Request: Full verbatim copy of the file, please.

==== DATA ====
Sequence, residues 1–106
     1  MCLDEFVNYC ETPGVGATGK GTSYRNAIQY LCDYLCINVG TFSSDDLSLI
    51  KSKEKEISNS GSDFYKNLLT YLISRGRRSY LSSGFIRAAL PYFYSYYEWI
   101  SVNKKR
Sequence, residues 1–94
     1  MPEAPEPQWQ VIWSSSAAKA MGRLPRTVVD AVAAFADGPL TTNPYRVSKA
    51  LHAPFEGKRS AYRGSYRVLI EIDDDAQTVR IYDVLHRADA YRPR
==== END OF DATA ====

Sequence, residues 1–106
     1  MCLDEFVNYC ETPGVGATGK GTSYRNAIQY LCDYLCINVG TFSSDDLSLI
    51  KSKEKEISNS GSDFYKNLLT YLISRGRRSY LSSGFIRAAL PYFYSYYEWI
   101  SVNKKR
Sequence, residues 1–94
     1  MPEAPEPQWQ VIWSSSAAKA MGRLPRTVVD AVAAFADGPL TTNPYRVSKA
    51  LHAPFEGKRS AYRGSYRVLI EIDDDAQTVR IYDVLHRADA YRPR